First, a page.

Steroids May Be Risky Even in the Short Term

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The dangers of long-term use of corticosteroids like prednisone and cortisone are well known, but a new study suggests that even short-term use can have serious side effects.

Corticosteroids are used to treat inflammatory conditions like asthma, rheumatoid arthritis and inflammatory bowel disease as well as rashes and muscle pain. Researchers analyzed records of 1,548,945 Americans aged 18 to 64 who were enrolled in a nationwide health care insurance program from 2012 to 2014. More than a fifth of them took steroid pills for a month or less for various ailments.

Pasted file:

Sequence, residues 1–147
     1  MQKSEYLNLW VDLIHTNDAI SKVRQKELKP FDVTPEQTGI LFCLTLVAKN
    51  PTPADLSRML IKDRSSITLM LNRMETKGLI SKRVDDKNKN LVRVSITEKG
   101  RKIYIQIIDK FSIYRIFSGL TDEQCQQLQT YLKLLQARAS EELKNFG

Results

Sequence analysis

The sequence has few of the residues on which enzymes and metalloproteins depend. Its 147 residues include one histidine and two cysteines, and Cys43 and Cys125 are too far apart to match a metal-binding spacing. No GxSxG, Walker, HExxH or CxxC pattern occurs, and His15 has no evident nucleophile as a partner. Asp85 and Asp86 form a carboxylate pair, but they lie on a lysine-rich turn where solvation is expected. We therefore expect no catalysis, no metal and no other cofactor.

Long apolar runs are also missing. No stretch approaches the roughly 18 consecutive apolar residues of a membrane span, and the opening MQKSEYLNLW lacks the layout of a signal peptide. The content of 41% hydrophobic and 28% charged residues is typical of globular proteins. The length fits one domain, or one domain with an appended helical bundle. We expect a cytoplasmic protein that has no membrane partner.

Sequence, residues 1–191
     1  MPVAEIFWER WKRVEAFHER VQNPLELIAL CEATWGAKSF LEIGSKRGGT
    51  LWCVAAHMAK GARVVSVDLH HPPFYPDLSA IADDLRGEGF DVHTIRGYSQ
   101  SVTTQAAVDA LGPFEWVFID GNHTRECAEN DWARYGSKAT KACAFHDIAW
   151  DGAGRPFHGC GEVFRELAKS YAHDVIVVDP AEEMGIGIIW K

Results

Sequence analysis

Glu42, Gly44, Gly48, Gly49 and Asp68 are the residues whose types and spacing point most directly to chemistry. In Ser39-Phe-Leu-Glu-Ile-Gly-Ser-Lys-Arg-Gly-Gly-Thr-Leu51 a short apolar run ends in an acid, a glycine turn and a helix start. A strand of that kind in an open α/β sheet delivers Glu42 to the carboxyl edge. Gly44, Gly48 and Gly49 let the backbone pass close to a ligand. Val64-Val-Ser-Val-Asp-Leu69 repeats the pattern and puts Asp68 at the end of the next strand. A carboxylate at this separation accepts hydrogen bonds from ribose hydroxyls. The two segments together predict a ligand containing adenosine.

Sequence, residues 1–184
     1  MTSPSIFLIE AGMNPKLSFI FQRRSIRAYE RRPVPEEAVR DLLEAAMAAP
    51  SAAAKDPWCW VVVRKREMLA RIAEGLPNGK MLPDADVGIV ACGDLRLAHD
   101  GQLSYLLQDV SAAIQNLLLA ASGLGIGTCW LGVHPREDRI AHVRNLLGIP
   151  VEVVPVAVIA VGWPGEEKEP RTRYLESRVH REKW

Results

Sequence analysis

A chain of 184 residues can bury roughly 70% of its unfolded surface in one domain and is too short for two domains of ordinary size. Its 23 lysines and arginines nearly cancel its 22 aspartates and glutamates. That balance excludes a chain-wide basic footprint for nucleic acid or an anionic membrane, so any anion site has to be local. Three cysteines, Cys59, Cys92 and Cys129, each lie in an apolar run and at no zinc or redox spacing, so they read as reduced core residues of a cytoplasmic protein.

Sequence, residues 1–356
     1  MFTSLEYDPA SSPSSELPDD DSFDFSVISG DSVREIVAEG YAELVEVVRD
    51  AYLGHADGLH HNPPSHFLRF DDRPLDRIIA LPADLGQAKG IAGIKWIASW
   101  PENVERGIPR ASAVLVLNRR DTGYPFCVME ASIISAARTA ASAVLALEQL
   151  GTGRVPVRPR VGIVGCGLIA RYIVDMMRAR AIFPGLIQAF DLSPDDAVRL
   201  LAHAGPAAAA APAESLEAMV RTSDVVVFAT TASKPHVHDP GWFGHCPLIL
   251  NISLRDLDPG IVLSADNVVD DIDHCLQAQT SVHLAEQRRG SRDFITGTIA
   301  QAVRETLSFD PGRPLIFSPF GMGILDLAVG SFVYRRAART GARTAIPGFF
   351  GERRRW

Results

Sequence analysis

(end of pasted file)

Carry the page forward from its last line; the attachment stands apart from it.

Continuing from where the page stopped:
The study, in BMJ, tracked the same patients during the 30 days to five months before they took oral steroids and then during the month after their prescriptions were filled. When they were on steroids, even at a relatively low dose of 20 milligrams a day or less, they had four times the risk of sepsis (blood infection), more than triple the risk of blood clots and almost twice the risk of a fractured bone. The risks increased with higher doses.

“While steroids may be appropriate in some situations, like many drugs they have side effects,” said the lead author, Dr. Akbar K. Waljee, an assistant professor of medicine at the University of Michigan. “We may use them more than we really need to. It is important to minimize their use if alternatives exist.”